Local Air Quality Regulation

Despite a major state regulatory overhaul in 2003 and a Portland Air Toxics Solutions project from 2009-2011, the State of Oregon and the Portland Metro region have disturbingly toxic air. Reform efforts have been few and far between as the air toxics issue has largely been swept under the rug. The current Cleaner Air Oregon effort could result in some important system reforms by the end of 2017, but it will take a while to find out how successful it will be. However, reform at the state level is not the only opportunity for Oregon communities ready to take action to improve air quality.

Oregon Revised Statute ยง 468A.105 allows the for creation of a regional air quality control authority in an contiguous area with a population of “at least 130,000 and consisting of two or more counties or parts of counties, two or more cities, or any combination thereof, or any county and a city or cities within the county.” Local and regional air authorities are common in many areas in the United States. Both Washington and California have regional air authorities. Even Oregon has a regional air authority — the Lane Regional Air Protection Agency — that was established in 1967 before the passage of the Clean Air Act and the establishment of Oregon’s modern air quality program. As far as local regulations go, Louisville, Kentucky’s Strategic Toxic Air Reduction program has been tremendously successful at reducing industrial air pollution.

A Portland Area Regional Air Authority?

In Oregon, the Portland Metro region has the highest risk to the population from air toxics due to concentrated industry, high levels of construction, higher car and truck traffic, and a very unique airshed. In 2005, the EPA listed the Portland metro area as one of the most at risk places in the entire country for cancer caused by air toxics.

Source: EPA "2005 National Air Toxics Assessment", available at: https://www.epa.gov/national-air-toxics-assessment/2005-national-air-toxics-assessment

Source: EPA “2005 National Air Toxics Assessment”, available at: https://www.epa.gov/national-air-toxics-assessment/2005-national-air-toxics-assessment

After Portland began to receive national attention for its poor air quality, the State of Oregon convened the Portland Air Toxics Solutions project in order analyze the causes of air pollution and recommend action to improve air quality. After two years of meetings and study, the Portland Air Toxics Solutions Advisory Committee released a report. This report analyzed the sources of Portland’s air toxics problems (based primarily on modeling data), the disproportionate impact air pollution has on low-income residents and people of color, and created five priority categories for action: residential wood combustion, cars and trucks, heavy duty vehicles, construction equipment, and industrial metals facilities. However, the project ran out of money before new regulations and actions to curtail air pollution were advanced. As such, what could have been an opportunity to clean Portland’s air became a process resulting in a report and no action.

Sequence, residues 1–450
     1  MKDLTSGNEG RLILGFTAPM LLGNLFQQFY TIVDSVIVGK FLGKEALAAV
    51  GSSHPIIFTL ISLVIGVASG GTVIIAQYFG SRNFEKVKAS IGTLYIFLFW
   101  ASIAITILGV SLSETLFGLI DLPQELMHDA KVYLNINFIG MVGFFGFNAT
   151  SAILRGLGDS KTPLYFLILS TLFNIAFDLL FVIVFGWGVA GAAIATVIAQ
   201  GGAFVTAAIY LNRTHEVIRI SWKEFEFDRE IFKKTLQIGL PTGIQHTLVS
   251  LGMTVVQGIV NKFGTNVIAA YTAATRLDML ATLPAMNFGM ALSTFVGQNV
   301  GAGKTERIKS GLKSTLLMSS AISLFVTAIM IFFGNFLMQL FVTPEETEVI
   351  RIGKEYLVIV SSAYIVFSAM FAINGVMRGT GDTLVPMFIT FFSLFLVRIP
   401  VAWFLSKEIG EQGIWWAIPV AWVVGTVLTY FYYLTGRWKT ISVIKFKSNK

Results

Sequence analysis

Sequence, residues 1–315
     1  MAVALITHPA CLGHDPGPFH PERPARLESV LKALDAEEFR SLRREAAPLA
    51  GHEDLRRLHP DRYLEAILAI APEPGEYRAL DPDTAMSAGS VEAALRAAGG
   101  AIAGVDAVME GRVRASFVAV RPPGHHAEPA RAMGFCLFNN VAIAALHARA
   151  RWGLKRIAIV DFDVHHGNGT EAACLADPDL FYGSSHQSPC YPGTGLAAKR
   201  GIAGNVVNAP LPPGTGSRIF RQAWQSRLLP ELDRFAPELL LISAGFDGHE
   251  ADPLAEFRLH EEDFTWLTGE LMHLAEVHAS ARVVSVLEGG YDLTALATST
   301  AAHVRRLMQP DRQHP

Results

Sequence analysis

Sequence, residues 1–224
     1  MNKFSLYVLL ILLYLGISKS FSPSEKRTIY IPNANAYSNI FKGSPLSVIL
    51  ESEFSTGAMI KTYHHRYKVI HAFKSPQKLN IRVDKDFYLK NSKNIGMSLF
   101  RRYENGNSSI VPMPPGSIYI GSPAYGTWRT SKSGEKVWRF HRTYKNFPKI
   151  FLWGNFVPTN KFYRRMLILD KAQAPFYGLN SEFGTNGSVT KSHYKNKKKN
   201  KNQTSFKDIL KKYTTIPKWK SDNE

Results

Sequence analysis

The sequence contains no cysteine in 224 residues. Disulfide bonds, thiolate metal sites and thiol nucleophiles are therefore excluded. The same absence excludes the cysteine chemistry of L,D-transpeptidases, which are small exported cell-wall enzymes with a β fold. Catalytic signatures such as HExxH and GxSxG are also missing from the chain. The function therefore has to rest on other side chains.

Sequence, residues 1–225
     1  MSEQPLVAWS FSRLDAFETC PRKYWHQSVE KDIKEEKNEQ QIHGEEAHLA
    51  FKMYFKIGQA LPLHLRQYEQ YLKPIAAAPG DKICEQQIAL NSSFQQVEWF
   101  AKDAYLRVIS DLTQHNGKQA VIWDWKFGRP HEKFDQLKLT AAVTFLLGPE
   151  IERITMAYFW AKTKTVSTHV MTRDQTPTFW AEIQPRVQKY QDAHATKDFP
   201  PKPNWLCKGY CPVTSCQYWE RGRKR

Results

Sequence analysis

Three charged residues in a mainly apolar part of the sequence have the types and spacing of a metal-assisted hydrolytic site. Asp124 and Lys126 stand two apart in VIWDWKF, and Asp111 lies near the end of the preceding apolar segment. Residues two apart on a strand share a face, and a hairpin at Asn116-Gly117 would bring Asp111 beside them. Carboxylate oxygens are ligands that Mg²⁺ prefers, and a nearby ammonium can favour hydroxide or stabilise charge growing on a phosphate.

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Source: “Portland Air Toxics Solutions Report and Recommendations”, available at: http://www.deq.state.or.us/aq/factsheets/12aq035patsReport.pdf

In February 2016, data generated through Forest Service moss studies and subsequent air monitoring popularized the understanding that Oregon has a serious air toxics problem. In the wake of his revelation, local governments began to seek answers. On February 18, 2016, Multnomah County Chair Deborah Kafoury and Portland Mayor Charlie Hales sent a letter to Governor Kate Brown with the following message:

The recent discovery of dangerously high concentrations of cadmium, arsenic and other toxic heavy metals in Portland-metropolitan area neighborhoods is a cause of serious concern. What is even more disconcerting is that the presence of these metals and other air toxics in the Portland area has been recognized and well-documented by the Oregon Department of Environmental Quality (DEQ) for many years, but no action has been taken to curb these dangerous emissions. Multnomah County participated in the Portland Air Toxics Solutions Advisory Committee with the expectation that actions would be forthcoming to protect public health from sources of air toxics. In 2011 Multnomah County called on the state to adopt rules that would protect the public from area source polluters, but our calls for regulation were met with inaction. Should this inaction persist at the state level, it is our intent to explore options to establish a local Portland metropolitan-area regional air pollution authority pursuant to the provisions of ORS 468A.105.

True to their word, the City of Portland and Multnomah County are exploring options to create a local air authority should the state again fail to address air toxics concerns.